I have followed with keen interest the releases on the Guild label of the complete symphonies of Fritz Brun (1878-1959), Switzerland's 20th century answer to the great symphonist Anton Bruckner. Brun wrote large-spanned, big-boned music that may require the ministrations of the Berlin or Vienna Philharmonics to show its stuff. The Moscow Symphony Orchestra, under Adriano, has been soldiering through several releases with mixed results. The first issues were clearly not equal to the demands of the music. The newest release, on Guild GMCD 7372, with Symphonies Nos. 6 &7, shows improvement and comes much closer to the mark in exhibiting in a convincing way the impressive stature of this music. Still, there is an occasional stodginess present that I am inclined to blame on the musical forces, rather than the composer. However, I may be wrong. I will certainly continue to listen because I think there is some level of greatness here. Whatever my reservations, Adriano and his forces capture a good deal of beauty, and I am very grateful to Guild for investing in this important enterprise.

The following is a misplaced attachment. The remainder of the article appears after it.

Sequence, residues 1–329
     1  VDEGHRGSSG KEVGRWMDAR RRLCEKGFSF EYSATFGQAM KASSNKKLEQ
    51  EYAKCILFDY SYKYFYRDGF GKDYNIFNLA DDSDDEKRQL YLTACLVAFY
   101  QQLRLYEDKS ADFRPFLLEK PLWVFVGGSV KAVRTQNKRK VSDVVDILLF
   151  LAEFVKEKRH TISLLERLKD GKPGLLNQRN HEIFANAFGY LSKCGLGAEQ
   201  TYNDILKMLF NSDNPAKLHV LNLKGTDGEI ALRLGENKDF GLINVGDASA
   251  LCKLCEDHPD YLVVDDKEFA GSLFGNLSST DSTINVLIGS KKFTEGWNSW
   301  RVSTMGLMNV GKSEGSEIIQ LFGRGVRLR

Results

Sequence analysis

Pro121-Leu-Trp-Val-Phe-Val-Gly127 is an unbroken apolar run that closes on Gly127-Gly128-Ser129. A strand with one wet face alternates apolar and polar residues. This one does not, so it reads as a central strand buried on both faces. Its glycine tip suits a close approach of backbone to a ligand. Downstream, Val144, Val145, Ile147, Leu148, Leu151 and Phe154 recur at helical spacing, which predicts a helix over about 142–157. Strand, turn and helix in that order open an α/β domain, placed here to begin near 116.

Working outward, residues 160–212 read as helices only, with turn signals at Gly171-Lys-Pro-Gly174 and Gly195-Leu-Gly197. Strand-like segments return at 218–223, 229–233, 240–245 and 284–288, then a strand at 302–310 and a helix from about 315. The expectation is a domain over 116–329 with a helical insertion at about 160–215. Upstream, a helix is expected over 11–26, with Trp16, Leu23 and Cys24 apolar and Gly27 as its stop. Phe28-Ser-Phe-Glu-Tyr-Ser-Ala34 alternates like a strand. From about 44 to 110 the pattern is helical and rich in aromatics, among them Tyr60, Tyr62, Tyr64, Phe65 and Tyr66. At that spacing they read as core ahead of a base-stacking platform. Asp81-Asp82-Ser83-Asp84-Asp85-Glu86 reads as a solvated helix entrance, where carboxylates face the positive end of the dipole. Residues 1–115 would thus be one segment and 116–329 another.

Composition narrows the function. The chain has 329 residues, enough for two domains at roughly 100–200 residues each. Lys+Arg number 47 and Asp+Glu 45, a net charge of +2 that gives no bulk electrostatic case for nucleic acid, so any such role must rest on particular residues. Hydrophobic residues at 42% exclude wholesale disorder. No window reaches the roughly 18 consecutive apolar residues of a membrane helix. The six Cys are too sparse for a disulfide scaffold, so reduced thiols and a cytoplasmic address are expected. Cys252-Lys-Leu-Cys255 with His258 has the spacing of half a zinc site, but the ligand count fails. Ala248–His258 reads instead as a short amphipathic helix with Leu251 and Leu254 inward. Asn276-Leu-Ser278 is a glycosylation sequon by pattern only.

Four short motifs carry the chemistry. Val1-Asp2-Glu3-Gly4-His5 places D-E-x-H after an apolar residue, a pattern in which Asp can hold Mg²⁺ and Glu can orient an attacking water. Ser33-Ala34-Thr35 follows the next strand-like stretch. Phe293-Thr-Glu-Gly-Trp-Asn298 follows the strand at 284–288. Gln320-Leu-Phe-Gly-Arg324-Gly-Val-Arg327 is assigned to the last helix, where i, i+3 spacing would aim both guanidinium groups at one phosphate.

One of the most extraordinary eccentrics of the music world was Havergal Brian (1876-1972), a largely self-taught English composer who wrote 21 of his 32 symphonies after turning 80 years old. I shall forever love this man for having told a Gramophone interviewer, who had gently inquired about the issue of mortality after Brian had turned 90, "I can't die. I just bought a new pair of trousers." The majority of Brian symphonies are now available. So the intrepid Toccata Classics label is bringing out a series of Brian's orchestral music, the first two volumes of which are now available in excellent performances by the BBC Scottish Symphony Orchestra, under conductor Gary Walker. Volume 1 contains a very substantial Burlesque Variations on an Original Theme (1903), written partially in response to Elgar's Enigma Variations and in the works. Volume 2, titled Orchestral Music from the Operas, has substantial excerpts from four of Brian's five operas, all of them yet to be staged. What can one say of this music other than that it is completely unique combination of the archaic and the radical, which is what makes it so interesting and intriguing? Brian employed traditional means in nontraditional ways. If that seems enigmatic, it's supposed to. The music can sound more or less normal for some stretches and then, all of a sudden, arrest you with a startling abruptness or an eruptive outburst of power that leave you wondering what just happened. With concentrated power, the music occasionally congeals in giant exclamation points. The element of surprise is part of the great fun in listening to Brian. I can't think of a better place to start than this new Toccata Classics series.